Ah, it’s so nice to be home earlier than usual for a change. Gives me the opportunity to catch the last few rays of sunlight before it all gets swallowed up by the sky and night descends upon the city.
I was thinking this evening once again about the faith-fiction conundrum. What’s that all about, you may wonder. Well, it’s basically about this dilemma I have when it comes to writing fiction and maintaining a literary viewpoint that is consistent with my Christian faith.
For instance, I once asked a friend of mine whether Christians could write horror stories. She, being an avid writer and bookworm herself, replied me almost instantly with a vehement yes. Why not, she would reason.
Well, I can think of plenty of reasons. For one thing, as far as I know, Christians don’t subscribe to the idea of ghosts or goblins or vampires and the like. If at all, it would probably fall under the category of evil spirits, for which it is unlikely that it would be viewed as a feasible plot for a Christian author to embark on.
There are loads of other issues that arise for Christian writers.
Take, for example, the element of character development. In a secular novel, the author could take liberties in formulating a character that has both a good and a naughty side.
Let’s take a fictional character whom I shall name Rita as a case in point.
Assuming I was a non-Christian author, I might assign Rita several traits such as these: Slim and petite. Well groomed and fashion conscious. Works at a local department store. Has dated and slept with several co-workers, the last of which was her supervisor. Occasionally pilfers from the cash register when her shift ends and no one else is looking.
Now, I suppose most Christian readers and peers of mine would be fine with most of the characteristics that I’ve given to Rita. But not all. I’d wager that they’d have a problem with Rita’s active sexual life and the fact that she steals money.
But without those additional vices in her life, I’d think that Rita would be too boring a personality. There would be no weaknesses to exploit in the course of my storytelling, and hence, potentially no unexpected plot twists I could pull off.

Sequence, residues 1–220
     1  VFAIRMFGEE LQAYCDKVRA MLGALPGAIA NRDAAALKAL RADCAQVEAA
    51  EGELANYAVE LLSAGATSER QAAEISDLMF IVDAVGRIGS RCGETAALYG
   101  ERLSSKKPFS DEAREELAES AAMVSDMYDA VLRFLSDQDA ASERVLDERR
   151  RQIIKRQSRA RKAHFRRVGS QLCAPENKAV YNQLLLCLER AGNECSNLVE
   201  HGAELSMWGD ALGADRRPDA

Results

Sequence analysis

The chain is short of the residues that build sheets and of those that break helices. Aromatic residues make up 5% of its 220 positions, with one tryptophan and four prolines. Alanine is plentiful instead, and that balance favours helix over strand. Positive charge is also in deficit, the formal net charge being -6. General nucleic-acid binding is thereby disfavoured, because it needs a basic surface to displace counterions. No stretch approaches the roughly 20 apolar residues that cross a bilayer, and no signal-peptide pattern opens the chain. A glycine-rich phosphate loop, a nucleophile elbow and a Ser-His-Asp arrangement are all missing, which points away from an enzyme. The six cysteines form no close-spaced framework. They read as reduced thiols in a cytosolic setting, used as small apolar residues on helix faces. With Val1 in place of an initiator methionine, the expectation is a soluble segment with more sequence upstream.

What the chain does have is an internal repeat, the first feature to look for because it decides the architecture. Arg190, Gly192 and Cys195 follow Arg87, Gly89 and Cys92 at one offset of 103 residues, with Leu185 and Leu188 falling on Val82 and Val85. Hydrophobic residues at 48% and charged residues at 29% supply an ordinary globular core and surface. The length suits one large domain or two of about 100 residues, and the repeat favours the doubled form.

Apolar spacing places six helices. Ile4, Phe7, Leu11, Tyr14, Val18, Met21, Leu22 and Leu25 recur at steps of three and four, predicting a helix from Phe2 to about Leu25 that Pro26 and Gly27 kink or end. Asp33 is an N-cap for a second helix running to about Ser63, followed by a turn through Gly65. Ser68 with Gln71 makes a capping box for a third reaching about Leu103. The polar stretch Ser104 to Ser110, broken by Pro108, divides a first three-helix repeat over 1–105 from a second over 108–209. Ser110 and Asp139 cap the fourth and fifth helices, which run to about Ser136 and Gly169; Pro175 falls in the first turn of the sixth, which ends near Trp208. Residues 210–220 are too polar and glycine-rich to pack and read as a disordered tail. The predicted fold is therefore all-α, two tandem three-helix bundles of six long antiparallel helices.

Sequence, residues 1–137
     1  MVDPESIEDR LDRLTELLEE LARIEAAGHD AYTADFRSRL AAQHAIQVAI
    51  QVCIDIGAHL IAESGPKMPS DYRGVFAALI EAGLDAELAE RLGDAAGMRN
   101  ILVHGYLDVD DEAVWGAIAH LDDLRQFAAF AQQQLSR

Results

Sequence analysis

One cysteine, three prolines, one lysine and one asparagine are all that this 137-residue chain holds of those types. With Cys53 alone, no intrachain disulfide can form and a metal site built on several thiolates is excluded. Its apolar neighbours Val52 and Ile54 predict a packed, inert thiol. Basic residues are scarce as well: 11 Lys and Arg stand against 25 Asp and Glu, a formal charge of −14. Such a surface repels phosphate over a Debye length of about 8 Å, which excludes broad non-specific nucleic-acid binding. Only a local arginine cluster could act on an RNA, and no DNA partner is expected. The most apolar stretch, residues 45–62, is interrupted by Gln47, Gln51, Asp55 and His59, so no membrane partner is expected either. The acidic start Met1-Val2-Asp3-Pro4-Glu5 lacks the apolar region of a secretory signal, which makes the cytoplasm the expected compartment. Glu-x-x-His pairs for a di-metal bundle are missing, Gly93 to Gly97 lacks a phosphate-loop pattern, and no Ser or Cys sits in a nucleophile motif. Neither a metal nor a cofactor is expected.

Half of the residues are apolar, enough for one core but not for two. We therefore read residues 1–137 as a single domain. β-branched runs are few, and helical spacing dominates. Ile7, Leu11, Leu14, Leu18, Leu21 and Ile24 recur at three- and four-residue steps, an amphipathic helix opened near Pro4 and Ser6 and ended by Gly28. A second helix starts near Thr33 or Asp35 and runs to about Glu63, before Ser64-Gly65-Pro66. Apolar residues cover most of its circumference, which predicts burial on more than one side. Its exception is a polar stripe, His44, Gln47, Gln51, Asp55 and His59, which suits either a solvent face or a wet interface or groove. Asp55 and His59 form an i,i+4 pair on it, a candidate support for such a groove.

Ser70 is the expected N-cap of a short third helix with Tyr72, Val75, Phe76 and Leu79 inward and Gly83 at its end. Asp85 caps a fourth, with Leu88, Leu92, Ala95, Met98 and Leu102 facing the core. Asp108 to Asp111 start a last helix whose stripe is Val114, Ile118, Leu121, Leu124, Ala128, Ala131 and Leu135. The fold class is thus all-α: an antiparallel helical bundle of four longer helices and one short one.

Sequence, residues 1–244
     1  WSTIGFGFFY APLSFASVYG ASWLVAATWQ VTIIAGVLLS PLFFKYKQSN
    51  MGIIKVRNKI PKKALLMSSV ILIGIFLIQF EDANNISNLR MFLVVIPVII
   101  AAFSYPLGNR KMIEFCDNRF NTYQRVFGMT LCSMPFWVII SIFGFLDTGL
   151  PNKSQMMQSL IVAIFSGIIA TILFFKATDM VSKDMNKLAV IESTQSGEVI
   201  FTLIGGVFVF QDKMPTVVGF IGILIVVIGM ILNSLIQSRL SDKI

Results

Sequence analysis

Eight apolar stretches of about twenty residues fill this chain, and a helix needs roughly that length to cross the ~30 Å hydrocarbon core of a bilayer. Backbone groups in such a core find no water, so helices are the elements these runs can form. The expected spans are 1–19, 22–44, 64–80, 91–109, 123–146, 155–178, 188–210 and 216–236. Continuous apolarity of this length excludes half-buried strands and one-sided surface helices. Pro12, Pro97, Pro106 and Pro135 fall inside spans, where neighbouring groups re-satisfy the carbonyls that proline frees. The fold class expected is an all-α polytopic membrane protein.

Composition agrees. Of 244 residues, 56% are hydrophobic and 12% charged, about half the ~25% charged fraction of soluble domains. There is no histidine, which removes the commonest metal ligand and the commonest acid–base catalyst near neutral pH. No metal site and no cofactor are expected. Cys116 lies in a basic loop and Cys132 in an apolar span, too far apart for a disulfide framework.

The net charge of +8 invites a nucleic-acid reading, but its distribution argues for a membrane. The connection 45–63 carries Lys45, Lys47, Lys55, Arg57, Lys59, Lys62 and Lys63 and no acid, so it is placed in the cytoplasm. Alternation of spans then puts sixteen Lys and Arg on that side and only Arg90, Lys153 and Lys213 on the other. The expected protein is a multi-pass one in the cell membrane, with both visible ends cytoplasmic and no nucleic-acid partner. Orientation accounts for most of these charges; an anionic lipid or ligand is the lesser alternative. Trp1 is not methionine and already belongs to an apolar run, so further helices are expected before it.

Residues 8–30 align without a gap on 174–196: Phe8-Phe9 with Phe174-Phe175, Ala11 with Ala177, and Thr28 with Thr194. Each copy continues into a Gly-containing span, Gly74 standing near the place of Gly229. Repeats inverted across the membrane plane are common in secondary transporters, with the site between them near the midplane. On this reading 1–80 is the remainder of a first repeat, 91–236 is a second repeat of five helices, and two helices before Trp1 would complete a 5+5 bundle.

The generic Christian stance would probably be to create lead characters who possess noble qualities, and who would lead exemplary lives and always do what’s right and true and God honouring.
That is the ideal we strive for as Christians, after all. But when it comes to writing fiction, I find this severely limiting.
I am pretty certain that I am right in my assumption that Christians (particularly older ones, or those from the traditional Christian upbringing) would have a problem with characters like Rita.
That’s because I distinctly recall an incident where a Pastor whom I sincerely respect was relating to me about someone he knew who authored books. I distinctly remember him expressing some disappointment in the subject matter that this person had chosen for their books.
This is really disconcerting for me. It’s bad enough that I’m weak at coining a captivating enough plot that would enthuse me enough to write. Now I have to worry about what the perception of other Christians would be of my written work once they know that I too am of the same faith as they are.
Must I really care about all that? Or can I just forsake the fact that I need to uphold Christian values when it comes to composing fiction?
That, my friends, is the faith-fiction conundrum. I’ll be sure to let you know if I ever figure something out with regards to this. But for now, it remains an ongoing mystery that I am unable to resolve.
And so it fuels yet another excuse for me not to sit down and properly write a novel worthy of the paper it ought to be published in.